Scuba Diving Is A Wonderful Sport: Just Eliminate The Risks

Ethel Gonzales

Adventure channels and tourism channels show glorious breathtaking visuals of blue skies and crystal clear water and people scuba diving among the fishes. The question that arises is whether we are safe, amongst a vast variety of underwater life, some of which can be extremely dangerous and in territory that is alien to humans, we are not born to swim and we cannot breathe underwater, can we?

The simple answer is yes and no. It is similar to mountaineering. When Edmund Hillary was asked whether mountaineering was dangerous he said, not if you respect the mountain. Scuba diving is also not dangerous if you respect it. It is not dangerous as long as you follow security guidelines, have the right equipment, know your limitations and stay within those constraints.

A little risk is involved, the operative word being ‘little.’ According to the DAN Diving Fatalities Workshop Report, fatalities are extremely rare and in their 2010 survey they found that fatalities happened once in every 211,864 dives. How risky is that? More drivers die in road accidents and chances of you dying in a long distance race are higher than in scuba dying – so the likelihood of your dying in scuba diving is rather remote.

As with any extreme sport, an element of risk is always there. Divers are totally dependent on their equipment to breathe. Their journey back to the surface depends on their skills, using gear rightly and emergency training. Approach the sport with the right spirit and character. Grow into it with practice and training. Don’t take undue risks. The larger fish down there may seem docile, but they are not dogs that you can pat and hug so maintain a reverential distance.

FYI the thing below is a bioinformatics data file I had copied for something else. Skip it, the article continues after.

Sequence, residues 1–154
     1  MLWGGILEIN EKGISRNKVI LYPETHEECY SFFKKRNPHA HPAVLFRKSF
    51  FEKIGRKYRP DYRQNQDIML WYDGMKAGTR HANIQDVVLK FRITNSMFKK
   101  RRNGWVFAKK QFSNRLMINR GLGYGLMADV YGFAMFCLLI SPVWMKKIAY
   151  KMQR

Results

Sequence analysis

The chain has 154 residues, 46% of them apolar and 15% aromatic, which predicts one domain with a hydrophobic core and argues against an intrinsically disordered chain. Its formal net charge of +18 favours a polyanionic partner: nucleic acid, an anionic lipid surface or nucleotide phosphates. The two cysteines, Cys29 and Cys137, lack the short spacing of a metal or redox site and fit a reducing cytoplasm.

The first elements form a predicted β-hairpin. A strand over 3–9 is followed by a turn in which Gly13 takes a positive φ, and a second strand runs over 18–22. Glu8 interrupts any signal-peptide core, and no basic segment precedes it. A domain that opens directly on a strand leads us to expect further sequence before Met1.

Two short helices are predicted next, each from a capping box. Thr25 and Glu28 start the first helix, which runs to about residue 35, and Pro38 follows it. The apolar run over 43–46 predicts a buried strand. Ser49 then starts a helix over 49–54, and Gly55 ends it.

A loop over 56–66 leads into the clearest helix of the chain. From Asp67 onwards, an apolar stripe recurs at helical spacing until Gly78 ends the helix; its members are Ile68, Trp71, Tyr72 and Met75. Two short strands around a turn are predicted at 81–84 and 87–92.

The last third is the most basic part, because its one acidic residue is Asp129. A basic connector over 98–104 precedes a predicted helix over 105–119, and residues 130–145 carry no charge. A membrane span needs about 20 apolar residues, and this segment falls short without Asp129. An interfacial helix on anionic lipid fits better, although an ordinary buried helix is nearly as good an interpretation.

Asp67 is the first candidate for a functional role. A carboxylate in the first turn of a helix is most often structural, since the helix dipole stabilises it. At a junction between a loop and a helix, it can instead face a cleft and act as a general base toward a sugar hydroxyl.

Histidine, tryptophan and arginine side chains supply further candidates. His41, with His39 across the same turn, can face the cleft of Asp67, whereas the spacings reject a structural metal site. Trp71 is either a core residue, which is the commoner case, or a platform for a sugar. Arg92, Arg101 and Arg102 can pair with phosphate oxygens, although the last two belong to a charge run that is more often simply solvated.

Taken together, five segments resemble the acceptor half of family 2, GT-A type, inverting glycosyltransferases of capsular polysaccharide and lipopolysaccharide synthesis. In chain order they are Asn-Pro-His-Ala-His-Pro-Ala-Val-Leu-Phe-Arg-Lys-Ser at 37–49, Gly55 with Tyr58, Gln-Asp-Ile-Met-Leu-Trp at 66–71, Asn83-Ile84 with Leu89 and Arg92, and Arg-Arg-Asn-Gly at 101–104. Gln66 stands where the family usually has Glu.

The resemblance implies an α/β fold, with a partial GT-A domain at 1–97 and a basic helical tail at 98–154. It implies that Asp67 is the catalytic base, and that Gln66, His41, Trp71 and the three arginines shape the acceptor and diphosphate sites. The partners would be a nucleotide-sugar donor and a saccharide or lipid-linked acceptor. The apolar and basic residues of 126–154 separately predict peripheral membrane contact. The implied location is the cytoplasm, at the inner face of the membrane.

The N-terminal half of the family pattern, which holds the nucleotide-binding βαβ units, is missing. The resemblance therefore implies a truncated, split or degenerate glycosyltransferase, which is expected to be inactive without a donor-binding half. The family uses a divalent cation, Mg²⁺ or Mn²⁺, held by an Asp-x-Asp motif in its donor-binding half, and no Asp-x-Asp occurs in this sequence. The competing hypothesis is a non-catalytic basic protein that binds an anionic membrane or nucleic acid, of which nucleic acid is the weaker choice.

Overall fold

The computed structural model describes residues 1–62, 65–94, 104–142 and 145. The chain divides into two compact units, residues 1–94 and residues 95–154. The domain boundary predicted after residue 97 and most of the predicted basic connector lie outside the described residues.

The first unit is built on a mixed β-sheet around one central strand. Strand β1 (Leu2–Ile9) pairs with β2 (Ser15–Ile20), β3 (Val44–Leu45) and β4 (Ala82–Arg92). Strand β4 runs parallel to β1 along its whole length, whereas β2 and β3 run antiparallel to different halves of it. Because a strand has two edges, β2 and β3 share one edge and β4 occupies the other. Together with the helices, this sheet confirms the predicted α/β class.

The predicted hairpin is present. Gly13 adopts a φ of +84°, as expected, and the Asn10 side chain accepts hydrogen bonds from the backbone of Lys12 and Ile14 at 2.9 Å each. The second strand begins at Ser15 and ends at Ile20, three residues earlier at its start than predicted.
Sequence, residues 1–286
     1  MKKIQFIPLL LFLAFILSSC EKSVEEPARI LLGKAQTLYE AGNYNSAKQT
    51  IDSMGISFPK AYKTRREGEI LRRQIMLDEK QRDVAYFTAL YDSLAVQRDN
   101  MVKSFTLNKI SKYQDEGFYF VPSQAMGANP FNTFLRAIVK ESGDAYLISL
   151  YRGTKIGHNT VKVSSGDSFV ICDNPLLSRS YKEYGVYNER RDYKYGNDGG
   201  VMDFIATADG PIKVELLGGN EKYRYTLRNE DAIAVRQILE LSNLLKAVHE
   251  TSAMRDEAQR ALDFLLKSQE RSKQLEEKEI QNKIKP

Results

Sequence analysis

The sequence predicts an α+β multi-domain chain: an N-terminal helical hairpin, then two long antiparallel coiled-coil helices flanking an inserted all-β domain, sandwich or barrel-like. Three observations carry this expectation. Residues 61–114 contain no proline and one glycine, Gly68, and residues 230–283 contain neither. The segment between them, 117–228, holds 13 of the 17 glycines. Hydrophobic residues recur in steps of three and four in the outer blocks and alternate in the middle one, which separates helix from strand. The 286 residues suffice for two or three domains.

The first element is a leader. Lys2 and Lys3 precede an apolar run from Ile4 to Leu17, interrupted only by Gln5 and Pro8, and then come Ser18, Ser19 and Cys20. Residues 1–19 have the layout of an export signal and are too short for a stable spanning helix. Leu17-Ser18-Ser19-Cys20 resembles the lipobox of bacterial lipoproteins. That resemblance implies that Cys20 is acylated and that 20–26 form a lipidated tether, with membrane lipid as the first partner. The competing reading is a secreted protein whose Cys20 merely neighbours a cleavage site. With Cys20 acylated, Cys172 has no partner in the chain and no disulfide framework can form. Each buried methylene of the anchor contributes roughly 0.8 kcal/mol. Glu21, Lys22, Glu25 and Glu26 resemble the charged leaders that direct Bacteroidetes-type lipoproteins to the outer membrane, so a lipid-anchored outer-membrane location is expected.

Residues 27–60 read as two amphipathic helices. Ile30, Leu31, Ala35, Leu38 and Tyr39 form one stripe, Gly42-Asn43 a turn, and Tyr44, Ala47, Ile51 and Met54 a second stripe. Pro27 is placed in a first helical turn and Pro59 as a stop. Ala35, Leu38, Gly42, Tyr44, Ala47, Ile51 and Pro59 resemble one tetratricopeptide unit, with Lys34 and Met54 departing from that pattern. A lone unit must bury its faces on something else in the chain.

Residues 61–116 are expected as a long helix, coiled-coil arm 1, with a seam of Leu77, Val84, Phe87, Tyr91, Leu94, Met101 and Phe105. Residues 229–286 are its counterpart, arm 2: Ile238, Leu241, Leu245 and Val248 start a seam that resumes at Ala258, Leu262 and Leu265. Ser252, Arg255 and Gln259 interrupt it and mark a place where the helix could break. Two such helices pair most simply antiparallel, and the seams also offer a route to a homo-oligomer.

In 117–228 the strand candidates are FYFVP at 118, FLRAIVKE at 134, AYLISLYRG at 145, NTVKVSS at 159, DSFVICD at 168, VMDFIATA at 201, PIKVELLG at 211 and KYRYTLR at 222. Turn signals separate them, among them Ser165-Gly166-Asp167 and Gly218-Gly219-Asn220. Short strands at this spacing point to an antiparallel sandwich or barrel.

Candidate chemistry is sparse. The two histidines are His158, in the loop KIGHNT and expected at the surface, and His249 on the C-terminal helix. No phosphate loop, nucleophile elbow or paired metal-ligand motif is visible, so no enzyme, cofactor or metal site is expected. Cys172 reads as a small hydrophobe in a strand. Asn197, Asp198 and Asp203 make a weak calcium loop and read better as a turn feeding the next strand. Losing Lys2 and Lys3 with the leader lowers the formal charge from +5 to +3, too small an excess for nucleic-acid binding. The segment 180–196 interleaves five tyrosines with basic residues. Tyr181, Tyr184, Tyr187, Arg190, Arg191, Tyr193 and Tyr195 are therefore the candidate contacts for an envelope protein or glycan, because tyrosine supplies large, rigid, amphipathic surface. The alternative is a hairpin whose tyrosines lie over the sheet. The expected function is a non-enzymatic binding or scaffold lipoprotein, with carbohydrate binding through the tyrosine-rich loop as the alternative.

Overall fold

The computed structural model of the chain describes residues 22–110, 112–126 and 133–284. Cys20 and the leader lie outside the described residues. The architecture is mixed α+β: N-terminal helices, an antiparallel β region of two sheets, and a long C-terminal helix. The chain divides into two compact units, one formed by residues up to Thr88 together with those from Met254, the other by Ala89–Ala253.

Surveys have revealed that most of the fatalities that have occurred in the sport were caused by human errors and were completely avoidable. The three prime causes were a pre-existent disease in the diver, straying beyond one’s capability and descending rapidly.

People who died owing to a pre-existent disease did not declare their medical conditions in the scuba diving medical questionnaire. Had they done so they would not have been allowed in the waters. Descending rapidly makes for poor buoyancy control and makes the diver panic and make mistakes. Finally you are so pumped up and in over-confidence you stray beyond your limits and cannot alert your partners when an emergency occurs – false bravado often ends in disaster, not only in scuba diving, but in all walks of life.

To ensure that your scuba diving is a great fun-filled experience, just make certain that you plan your dive before you step into the water. Never dive deeper than your first dive. Check your dive gauges continuously and stay within the prescribed ascent and descent rates.

Carry a 3-minute safety stop halfway in the dive, to see if everything is under control and don’t continuously ascend and descend when you are under the water. And never exceed the limits of your training and skills.

What if you were to suddenly encounter a shark? Don’t panic, be calm and remain close to your dive buddy. Sighting one is rare and an awe inspiring sight, so enjoy it. However, maintain a respectful distance and don’t swim away rapidly. You cannot out-swim it but after its curiosity is satisfied it will swim away. This is what happens almost every time – think of the great time you will have regaling your friends and family about your great shark encounter.

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